Each SARS-CoV-2 virion consists of 4 structural proteins: S (spike protein), E (envelope), M (membrane), and N (nucleocapsid). Originally designed for use in serum testing and employed in all phase III clinical trials funded by Operation Warp Speed, this SARS-CoV-2 assay effectively tracks antibody responses to SARS-CoV-2 vaccines or natural SARS-Cov-2 infections over time and determines comparative antibody levels by including a reference standard. By adapting and optimizing the MSD serum antibody assay for use with saliva, samples self-collected at home using Salimetrics easy-to-use saliva collection kits can be shipped to a central site for testing. Home collection provides participants with a simple solution that increases willingness to collect several samples over time to track responses, an important factor in vaccine efficacy.
Current research has shown that antibody levels decrease in the serum of COVID-19 patients over time (4) and vary depending on disease severity.
|Optimum Collection Volume:||100 μL|
|Total Number of Samples Required:||1|
|Target SARS-CoV-2 Antibodies|
|SARS-CoV-2 Spike Protein (S1)
SARS-CoV-2 Nucleocapsid Protein (N)
SARS-CoV-2 Receptor Binding Domain (RBD)
|Predictive Value (at 5% Prevalance)*|
How to Collect Saliva for SARS-CoV-2 Antibodies
SARS-CoV-2 IgG ASSAY SALIVA COLLECTION CONSIDERATIONS
Better results begin with better saliva collection. This collection protocol features general considerations to maximize salivary SARS-CoV-2 IgG analysis. Use this analyte-specific collection protocol to plan your collection methodology and sampling schemes.
APPROVED SARS-CoV-2 IgG SALIVA COLLECTION METHODS
Initial Performance Data
By testing for coronavirus antibodies to a combination of SARS-CoV-2 antigens (Nucleocapsid or N-protein, Spike protein, or Receptor Binding Domain in Spike or RBD) in the same saliva sample, this test can determine if a subject is:
|Status of Individual||Assay Results|
|Uninfected||N, Spike and RBD negative|
|Infected naturally||N, Spike and RBD positive|
|Vaccinated||N negative, Spike and RBD positive|
This assay can also effectively track the antibody response to vaccine or natural infection over time and provide relative levels by including a reference standard. Below is representative performance data of an individual sampled by passive drool from the first day of immunization with the Moderna vaccine through a week after receiving their second dose of the vaccine. The lack of N-protein reactivity (shown in green) distinguishes the SARS-CoV-2 vaccination, since the vaccine does not encode N protein. Here, you can see a moderate increase in Spike/RBD reactivity up to the second immunization (indicated by arrow) and the exponential increase in reactivity post second immunization.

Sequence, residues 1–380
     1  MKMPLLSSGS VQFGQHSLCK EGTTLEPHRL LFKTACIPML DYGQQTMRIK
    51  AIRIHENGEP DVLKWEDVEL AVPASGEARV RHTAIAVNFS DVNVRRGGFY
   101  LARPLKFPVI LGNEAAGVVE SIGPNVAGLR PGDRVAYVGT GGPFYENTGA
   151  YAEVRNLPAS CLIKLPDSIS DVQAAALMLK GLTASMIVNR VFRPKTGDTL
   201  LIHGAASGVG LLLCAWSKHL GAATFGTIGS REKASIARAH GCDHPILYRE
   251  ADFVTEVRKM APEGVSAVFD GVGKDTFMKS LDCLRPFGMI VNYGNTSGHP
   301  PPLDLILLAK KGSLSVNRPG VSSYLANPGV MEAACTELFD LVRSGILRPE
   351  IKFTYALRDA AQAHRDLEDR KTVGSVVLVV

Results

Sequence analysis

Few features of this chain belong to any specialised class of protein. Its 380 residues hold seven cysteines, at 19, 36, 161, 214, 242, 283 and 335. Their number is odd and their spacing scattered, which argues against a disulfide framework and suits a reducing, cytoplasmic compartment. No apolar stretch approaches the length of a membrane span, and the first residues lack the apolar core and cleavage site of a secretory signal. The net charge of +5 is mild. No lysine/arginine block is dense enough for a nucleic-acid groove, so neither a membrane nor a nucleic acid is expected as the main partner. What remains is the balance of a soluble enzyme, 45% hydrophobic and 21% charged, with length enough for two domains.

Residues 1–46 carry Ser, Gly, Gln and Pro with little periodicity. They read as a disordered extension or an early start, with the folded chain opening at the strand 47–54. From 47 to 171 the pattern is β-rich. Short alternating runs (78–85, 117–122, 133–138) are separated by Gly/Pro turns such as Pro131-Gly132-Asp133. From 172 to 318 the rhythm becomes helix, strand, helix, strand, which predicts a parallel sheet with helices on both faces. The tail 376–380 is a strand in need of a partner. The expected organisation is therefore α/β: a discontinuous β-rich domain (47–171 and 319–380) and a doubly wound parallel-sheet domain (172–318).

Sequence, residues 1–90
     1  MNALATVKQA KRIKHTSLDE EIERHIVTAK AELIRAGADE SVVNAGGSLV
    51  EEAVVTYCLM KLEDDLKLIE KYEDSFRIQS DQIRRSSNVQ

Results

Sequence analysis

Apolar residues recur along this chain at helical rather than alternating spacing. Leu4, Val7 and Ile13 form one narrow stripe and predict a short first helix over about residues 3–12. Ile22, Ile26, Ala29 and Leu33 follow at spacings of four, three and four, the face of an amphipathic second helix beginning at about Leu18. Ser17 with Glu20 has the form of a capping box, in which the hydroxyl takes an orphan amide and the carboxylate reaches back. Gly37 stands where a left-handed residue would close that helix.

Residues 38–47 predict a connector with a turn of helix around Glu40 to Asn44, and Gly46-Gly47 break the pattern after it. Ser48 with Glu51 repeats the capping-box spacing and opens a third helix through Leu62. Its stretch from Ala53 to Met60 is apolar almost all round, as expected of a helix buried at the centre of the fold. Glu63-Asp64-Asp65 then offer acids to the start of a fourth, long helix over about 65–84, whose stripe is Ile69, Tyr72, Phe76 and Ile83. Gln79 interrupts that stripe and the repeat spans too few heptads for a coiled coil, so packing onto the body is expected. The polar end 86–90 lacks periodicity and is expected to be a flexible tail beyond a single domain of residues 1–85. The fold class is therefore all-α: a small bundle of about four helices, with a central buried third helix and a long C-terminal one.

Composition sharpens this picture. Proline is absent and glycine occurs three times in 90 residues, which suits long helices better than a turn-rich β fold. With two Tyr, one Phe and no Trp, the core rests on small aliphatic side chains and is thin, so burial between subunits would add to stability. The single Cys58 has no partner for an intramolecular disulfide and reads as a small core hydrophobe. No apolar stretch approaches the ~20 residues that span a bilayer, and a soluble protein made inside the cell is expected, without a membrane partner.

Note: Salimetrics is currently accepting both serum and saliva research samples for COVID-19 antibody testing. Detection of anti-SARS-CoV-2 IgA and IgM are also available upon request
References & SARS-CoV-2 (IgG) Antibody Research
- Hoepel, et al., (2020). Anti-SARS-CoV-2 IgG from severely ill COVID-19 patients promotes macrophage hyper-inflammatory responses. bioRxiv.
- Johnson, et al., (2020). Evaluation of a novel multiplexed assay for determining IgG levels and functional activity to SARS-CoV-2. Clinical Virology.
- Grandjean, et al., (2020). Humoral Response Dynamics Following Infection with SARS-CoV-2. medRxiv.
- Corbett, et al., (2020). Evaluation of the mRNA-1273 Vaccine against SARS-CoV-2 in Nonhuman Primates. The New England Journal of Medicine.
- Folegatti, et al., (2020). Safety and immunogenicity of the ChAdOx1 nCoV-19 vaccine against SARS-CoV-2: a preliminary report of a phase 1/2, single-blind, randomised controlled trial. The Lancet.
- Pollock, et al., (2021). Correlation of SARS-CoV-2 nucleocapsid antigen and RNA concentrations in nasopharyngeal samples from children and adults using an ultrasensitive and quantitative antigen assay. Journal of Clinical Microbiology.
- Majdoubi, et al., (2020). Antibody reactivity to SARS-CoV-2 is common in unexposed adults and infants under 6 months. medRxiv.
- Diorio, et al., (2020). Multisystem inflammatory syndrome in children and COVID-19 are distinct presentations of SARS–CoV-2. The Journal of Clinical Investigation.
- Huang, et al., (2020). Clinical features of patients infected with 2019 novel coronavirus in Wuhan, China. Lancet.
- Channappanvar R, Perlman S., (2017). Pathogenic human coronavirus infections: causes and consequences of cytokine storm and immunopathology. Semin Immunopatholology.
- Li et al., (2020). Coronavirus infections and immune responses. Journal of Medical Virology.
- Handbook of Covid-19 Prevention and Treatment.